A modal shift to green transport is urgently needed as congestion, pollution, growing population and health problems threaten the livability of North Sea Region's urban areas. Cycling has proven to be a major solution for these challenges. Not only as separate mode, but also as a part of the multimodal transport system. More cycling data are urgently needed to position cycling within the multimodal transport system and to improve the system as a whole.
The BITS Directory is a deliverable of the BITS project. It is a unique asset in the bicycle and ITS community, as there is currently no such resource that exists which connects the developers of cycle-specific ITS technologies (products and services) with public authorities or other businesses.
Regions involved in BITS already show a high bicycle use (NL, DK, BE) or have ambition to increase bicycle use (UK, DE). Intelligent Transport Systems (ITS) are important tools to achieve this, while also producing the desired cycling data.
The project will kickstart ITS in cycling by:
- Implementing ITS solutions that directly increase the take-up of cycling (+10%) and reduce CO2 emission (-9%) within target groups
- Sharing cycling data and building a CyclingDataHub to share, analyse and visualize the data ( >100 data sets)
- Use collected data to get better insight in the needs of cyclists to drastically improve cycling policies
- Integrate the ITS methodologies and datasets into broader multi-modality, thus anchoring cycling in broader mobility policies and share this data for a multimodal future
The demonstration of ITS applications and cycling data will allow others to use these cycling data for applications and policies. The effectiveness of ITS solutions will be evaluated, challenges identified and results disseminated to other regions.
This short introductory video gives an overview of the BITS-project and its approach. For further details, read the explanations below!
The approach of BITS is based on the Bicycle Pyramid, derived from Maslow’s pyramid. The pyramid structures needs from cyclists and conditions to stimulate cycling. The idea is that the needs on the bottom of the pyramid need to be met before the next level becomes relevant. This means for example that cycling can be made more attractive by improving the surrounding but improving the surrounding will not have a big impact if cycling is dangerous.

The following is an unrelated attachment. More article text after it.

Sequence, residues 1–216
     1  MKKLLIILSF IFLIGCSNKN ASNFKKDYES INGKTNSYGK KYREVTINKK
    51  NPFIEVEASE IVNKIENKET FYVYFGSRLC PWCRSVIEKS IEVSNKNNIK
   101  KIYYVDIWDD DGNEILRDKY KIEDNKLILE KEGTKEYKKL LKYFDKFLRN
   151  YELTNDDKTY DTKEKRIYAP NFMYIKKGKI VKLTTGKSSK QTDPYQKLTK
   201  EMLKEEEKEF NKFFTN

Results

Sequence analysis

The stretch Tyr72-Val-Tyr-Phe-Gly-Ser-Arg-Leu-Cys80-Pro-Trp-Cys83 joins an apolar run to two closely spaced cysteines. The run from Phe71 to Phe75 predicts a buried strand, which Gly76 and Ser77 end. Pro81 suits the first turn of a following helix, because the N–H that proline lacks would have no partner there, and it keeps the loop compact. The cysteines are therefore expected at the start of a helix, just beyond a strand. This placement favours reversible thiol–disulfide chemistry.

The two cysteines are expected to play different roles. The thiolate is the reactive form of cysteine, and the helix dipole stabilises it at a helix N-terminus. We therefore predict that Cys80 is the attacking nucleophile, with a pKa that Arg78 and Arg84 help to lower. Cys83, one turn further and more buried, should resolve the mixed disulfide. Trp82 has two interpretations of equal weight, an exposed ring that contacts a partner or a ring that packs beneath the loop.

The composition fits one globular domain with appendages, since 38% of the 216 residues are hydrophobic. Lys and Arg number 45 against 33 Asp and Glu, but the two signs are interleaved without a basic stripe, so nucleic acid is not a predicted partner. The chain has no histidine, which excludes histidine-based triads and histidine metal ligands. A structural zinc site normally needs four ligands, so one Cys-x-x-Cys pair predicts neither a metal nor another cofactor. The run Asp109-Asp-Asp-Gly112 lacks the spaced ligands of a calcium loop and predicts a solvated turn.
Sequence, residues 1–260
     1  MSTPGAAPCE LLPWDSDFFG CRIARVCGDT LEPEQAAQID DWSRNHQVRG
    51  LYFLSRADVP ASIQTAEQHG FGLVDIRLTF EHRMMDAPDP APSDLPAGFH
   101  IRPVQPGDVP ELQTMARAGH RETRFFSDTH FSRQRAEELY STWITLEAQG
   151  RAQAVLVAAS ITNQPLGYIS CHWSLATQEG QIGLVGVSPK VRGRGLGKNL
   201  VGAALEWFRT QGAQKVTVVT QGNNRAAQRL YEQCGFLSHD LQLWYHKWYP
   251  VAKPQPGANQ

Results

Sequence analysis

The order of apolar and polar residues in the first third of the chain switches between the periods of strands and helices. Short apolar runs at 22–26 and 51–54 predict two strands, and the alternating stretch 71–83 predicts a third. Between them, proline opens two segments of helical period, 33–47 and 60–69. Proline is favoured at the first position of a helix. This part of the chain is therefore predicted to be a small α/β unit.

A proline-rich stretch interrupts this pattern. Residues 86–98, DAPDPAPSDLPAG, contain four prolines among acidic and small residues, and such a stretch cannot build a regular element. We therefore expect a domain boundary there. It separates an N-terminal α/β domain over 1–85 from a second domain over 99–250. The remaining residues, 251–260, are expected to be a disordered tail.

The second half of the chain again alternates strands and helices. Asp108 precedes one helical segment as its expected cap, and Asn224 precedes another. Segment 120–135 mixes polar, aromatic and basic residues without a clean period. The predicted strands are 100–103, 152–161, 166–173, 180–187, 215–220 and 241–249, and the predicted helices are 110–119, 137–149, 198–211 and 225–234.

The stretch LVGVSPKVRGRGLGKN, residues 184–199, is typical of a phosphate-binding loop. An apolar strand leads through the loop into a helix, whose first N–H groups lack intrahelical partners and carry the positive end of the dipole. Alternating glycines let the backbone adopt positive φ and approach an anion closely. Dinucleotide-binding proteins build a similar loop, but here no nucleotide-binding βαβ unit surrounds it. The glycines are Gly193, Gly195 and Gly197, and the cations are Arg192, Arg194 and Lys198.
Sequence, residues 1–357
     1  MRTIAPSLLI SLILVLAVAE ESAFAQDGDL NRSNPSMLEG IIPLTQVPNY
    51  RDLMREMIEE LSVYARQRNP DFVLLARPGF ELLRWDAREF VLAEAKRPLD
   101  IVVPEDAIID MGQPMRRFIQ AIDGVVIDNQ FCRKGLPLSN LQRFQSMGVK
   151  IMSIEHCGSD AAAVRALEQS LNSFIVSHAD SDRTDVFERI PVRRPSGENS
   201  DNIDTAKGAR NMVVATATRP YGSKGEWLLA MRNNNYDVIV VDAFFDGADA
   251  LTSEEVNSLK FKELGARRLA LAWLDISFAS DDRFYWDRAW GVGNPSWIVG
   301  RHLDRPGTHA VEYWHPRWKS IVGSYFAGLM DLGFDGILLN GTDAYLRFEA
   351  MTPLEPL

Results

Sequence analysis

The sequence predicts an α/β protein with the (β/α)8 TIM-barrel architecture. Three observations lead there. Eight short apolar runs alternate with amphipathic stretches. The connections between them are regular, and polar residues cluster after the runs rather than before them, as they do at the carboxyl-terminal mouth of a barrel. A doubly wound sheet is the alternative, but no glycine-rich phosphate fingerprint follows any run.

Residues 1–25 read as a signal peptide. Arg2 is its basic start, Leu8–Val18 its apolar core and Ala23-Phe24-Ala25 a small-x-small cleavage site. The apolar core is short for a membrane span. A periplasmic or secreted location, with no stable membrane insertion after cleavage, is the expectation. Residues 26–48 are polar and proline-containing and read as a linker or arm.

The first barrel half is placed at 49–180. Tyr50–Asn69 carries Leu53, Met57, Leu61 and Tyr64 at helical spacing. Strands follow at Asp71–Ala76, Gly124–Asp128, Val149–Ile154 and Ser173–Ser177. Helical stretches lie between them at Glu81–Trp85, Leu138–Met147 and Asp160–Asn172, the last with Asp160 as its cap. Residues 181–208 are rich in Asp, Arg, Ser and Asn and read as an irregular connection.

In BITS, ITS implementations that address the right level of the pyramid will be used to stimulate cycling (e.g. Smart Junction warnings to improve safety and Smart parking routing to improve convenience). At the same time, these ITS applications will generate valuable data that is collected in the so called ‘CycleDataHub’. Some of this data feeds back directly to cyclist. In addition, these ITS systems will produce data on cyclists and infrastructure utilization, which provides valuable input for cycling policy. Improved policies will then attract more cyclists and generate even more (floating) bike data. This closes the data loop, as visualised in the image below.
BITS is an Interreg project supported by the North Sea Programme of the European Regional Development Fund of the European Union.
In June 2021, the Interreg North Sea Region Steering Committee gave the green light for the extension of the BITS project for another 9 months, until December 2022.
The project's extension goes in four directions:
- Geographical scope: four new cities in province of Overijssel (Deventer, Enschede, Hardenberg, Kampen) and four new towns in East Riding of Yorkshire Council (Howden, Goole, Market Weighton, Pocklington).
- Technological scope: innovative ways to influence intelligent traffic lights, innovative ways of counting cyclists, shared/rental bikes and hubs, integrated with environmental sensors, bicycles with noise sensors, urban dashboard for cycling data.
- New partners: City of Oldenburg, Deelfiets Nederland and Cycledata.
- Increase of project impact: a Virtual Cycling and ITS Cluster and additional communication activities.
The extension will contribute not only to increase the level of cycling, and thus reduce CO2 emissions, during the lifetime of the project, but also to increase the long-lasting effect of the project after the project ends.
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